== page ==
The winter winds buffet the empty highways of Utah's high desert between Price and Moab where Lullaby Road's loner narrator, Ben Jones, runs his daily deliveries to the outcasts and oddballs that make the place home. A self-described "Indian-Jew, half-breed trucker," Ben first appeared in James Anderson's debut, The Never-Open Desert Diner, as did many of this novel's portfolio of offbeat locals.
The second in what will be a trilogy, Lullaby Road kicks off with Ben heading down the highway with an unexpected cab full of kids and a dog. The reclusive and unpredictable owner of the Stop 'N' Gone Truck Stop directs Ben to a four-year-old in a blanket, abandoned beside a pump with a large guard dog for warmth and an attached note asking Ben to take care of them. His duplex neighbor's babysitter calls in sick, and she throws her infant and a diaper bag in his cab so she can make her shift at Walmart. The softhearted, usually live-and-let-live Ben wishes for more than lullabies to shepherd this sudden family through the storms and dangers that often fill his workdays.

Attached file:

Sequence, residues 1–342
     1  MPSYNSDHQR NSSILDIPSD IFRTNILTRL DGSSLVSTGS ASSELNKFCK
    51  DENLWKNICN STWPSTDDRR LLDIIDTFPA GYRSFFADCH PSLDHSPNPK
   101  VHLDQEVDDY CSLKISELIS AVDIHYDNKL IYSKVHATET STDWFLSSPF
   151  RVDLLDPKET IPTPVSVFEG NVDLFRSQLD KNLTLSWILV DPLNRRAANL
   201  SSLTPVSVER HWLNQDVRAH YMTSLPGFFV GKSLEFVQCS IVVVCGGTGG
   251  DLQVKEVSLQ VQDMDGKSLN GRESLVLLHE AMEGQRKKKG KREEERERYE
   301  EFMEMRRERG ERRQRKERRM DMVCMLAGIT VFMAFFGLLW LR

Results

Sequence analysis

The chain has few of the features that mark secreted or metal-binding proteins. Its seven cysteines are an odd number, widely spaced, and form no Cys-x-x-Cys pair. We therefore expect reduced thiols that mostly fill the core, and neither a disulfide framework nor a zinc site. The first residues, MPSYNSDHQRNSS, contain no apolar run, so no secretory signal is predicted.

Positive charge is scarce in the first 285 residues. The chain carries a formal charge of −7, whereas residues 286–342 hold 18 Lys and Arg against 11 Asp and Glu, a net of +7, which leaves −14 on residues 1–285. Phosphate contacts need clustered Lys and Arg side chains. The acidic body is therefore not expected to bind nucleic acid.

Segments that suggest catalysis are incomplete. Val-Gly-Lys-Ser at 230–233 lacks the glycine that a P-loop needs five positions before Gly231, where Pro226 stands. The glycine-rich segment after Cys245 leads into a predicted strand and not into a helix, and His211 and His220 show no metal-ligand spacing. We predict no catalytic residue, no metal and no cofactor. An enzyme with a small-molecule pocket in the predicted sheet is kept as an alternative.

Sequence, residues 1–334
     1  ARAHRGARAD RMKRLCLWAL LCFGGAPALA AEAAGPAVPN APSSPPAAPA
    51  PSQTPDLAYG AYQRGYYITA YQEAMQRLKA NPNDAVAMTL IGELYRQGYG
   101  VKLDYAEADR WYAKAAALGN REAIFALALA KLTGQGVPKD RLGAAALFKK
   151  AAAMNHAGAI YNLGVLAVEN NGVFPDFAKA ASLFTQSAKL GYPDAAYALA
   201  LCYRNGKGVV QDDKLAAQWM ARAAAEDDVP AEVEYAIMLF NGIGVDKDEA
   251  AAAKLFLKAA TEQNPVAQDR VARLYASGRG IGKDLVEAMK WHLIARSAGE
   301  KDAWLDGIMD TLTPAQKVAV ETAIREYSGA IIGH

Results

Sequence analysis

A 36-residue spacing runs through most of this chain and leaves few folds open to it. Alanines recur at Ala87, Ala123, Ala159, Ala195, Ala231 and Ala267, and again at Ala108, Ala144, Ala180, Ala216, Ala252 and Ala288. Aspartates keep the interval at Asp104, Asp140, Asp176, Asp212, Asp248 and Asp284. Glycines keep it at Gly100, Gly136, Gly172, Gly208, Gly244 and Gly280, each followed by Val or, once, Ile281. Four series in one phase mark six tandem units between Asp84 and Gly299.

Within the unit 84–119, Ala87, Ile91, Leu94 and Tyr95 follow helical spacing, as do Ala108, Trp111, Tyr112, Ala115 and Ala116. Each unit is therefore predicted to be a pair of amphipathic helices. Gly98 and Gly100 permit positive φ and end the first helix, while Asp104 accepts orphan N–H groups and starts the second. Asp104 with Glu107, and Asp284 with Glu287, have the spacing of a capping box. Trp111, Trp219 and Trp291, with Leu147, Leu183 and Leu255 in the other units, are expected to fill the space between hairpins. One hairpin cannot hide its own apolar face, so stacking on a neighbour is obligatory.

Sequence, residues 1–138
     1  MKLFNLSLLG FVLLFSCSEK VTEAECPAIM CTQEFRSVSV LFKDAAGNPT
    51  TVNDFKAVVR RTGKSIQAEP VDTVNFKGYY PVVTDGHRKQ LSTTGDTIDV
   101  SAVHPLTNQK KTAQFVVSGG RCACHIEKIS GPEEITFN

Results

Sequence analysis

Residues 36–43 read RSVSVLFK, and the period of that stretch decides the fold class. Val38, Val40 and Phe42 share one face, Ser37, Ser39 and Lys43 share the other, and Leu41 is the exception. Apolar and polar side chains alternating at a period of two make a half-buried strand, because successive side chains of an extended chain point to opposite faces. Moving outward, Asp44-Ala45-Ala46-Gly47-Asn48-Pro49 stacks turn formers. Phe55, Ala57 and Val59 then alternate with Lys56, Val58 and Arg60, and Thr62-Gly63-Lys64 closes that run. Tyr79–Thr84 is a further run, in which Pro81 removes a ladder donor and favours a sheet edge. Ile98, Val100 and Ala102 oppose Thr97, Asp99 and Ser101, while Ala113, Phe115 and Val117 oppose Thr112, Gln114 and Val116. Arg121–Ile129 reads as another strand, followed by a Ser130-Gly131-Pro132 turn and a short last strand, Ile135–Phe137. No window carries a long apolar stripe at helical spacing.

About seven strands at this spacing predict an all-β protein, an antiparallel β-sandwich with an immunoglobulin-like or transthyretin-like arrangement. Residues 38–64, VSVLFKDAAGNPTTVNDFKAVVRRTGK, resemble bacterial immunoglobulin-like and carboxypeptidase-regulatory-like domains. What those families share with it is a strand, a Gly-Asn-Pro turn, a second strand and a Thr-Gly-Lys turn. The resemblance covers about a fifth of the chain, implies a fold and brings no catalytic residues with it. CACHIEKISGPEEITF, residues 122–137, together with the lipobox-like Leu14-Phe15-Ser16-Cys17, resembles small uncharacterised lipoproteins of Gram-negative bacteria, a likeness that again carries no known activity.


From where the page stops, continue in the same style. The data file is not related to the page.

Ben's adventures are as amusing as they are perilous, but underneath, he is just a guy raised in foster homes trying to stay sober and cigarette-free while doing right in a desolate but breathtaking land. He gets by "putting one foot in front of the other, my eyes on my boots, and willing myself not to look too far down the road." Lullaby Road is a triumphant mix of landscape, character, wit and sagacity wrapped in a noir thriller. --Bruce Jacobs, founding partner, Watermark Books & Cafe, Wichita, Kan.